If you want to learn how to roll up your sleeves and make a difference in a community garden, please join our Autism Votes program at www.autismvotes.org. We provide you with easy steps to participate so you can obtain health insurance coverage, federal funding for autism research, secure tax deferred savings plans for your child’s adult needs, services for people with autism and education system improvements. If you are interested in becoming a gardener or district leader in your area, please email us at firstname.lastname@example.org .
This is a blog post by Mary Beth Schleif of Friendship Ventures, a Minnesota organization that offers unique opportunities for people with disabilities to enjoy resident camp, respite care and supervised travel. At Friendship Ventures, everybody fits in! Friendship Ventures was a recipient of an Autism Speaks Baker Summer Camp Grant.
A parent’s perspective
With our three camps in Minnesota, Friendship Ventures provides vital social and recreational enrichment for children, teens and adults with a variety of developmental disabilities, including autism. We hear frequently from parents that camp is a lifesaver – not only for their children but for themselves. Parents Jane and Steve, whose sons both have autism, share their story.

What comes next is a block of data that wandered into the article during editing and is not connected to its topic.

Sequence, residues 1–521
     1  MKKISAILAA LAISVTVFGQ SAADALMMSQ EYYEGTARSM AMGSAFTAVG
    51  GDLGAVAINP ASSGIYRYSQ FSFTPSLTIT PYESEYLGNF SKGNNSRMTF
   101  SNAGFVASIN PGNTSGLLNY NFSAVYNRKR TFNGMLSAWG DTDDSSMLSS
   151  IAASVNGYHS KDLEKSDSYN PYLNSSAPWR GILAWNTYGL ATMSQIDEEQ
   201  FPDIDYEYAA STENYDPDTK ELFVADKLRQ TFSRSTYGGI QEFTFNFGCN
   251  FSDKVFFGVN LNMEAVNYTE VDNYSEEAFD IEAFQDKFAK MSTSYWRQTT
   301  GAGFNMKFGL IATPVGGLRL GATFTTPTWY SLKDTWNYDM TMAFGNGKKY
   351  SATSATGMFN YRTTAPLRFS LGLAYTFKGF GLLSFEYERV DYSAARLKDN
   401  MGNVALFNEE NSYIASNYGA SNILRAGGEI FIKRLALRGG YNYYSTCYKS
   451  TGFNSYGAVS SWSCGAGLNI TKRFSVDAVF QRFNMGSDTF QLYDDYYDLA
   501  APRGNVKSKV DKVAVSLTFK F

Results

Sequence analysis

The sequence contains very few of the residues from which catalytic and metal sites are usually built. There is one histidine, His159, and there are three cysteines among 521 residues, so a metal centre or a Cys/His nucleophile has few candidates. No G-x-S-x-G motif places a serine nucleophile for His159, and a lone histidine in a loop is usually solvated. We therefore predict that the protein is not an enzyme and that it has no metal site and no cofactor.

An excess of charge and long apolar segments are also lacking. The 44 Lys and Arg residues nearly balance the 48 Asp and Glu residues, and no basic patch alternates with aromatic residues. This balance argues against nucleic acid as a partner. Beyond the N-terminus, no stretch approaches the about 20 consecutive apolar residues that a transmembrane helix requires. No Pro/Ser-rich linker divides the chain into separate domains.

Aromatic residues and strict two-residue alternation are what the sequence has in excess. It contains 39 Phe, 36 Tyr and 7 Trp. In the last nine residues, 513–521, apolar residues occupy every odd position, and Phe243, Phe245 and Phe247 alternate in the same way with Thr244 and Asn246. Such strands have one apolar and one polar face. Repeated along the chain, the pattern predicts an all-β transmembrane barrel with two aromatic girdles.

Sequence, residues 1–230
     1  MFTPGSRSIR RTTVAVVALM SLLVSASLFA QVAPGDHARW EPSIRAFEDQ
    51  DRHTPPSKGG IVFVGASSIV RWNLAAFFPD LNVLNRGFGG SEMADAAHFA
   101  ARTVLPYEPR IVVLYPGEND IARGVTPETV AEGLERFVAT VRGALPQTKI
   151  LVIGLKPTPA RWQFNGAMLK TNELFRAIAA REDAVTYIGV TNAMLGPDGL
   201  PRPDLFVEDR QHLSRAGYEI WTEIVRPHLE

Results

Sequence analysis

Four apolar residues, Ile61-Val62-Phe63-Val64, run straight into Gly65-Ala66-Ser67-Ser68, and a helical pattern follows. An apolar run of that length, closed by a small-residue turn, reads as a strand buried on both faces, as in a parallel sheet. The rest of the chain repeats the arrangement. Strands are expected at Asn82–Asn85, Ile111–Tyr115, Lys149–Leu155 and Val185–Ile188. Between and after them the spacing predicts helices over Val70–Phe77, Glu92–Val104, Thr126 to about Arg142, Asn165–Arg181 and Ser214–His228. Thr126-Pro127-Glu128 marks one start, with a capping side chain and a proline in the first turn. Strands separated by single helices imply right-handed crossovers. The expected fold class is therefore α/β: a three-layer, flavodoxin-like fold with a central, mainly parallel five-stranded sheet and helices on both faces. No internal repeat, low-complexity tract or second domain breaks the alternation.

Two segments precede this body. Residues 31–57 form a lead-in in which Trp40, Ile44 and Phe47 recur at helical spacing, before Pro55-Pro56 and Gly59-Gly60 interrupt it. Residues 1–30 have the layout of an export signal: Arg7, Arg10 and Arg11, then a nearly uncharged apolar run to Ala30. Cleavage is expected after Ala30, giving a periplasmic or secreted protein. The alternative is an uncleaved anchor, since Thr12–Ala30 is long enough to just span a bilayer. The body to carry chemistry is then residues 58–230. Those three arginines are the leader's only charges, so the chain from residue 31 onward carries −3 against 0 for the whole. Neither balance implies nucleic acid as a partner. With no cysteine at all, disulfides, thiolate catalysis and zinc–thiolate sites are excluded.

We have twin sons, Michael and Erik, who are both autistic and disabled. Michael is quite social and was able to attend some of the local camps nearer to us. Erik, on the other hand, is more of a challenge. He would feel bad when his brother could go to camp and he was not able. We found Camp Friendship a few years ago and it has been our “godsend.” Erik and Michael both LOVE camp and look forward to it every year.
This would not have been possible without the scholarship we received. As you could well imagine, the camp fee for two children is out of the range of something we could manage on a yearly basis. It is only with the gifts from generous donors that we are able to send two very happy children to a wonderful and giving camp on a yearly basis. It truly is the highlight of their summer.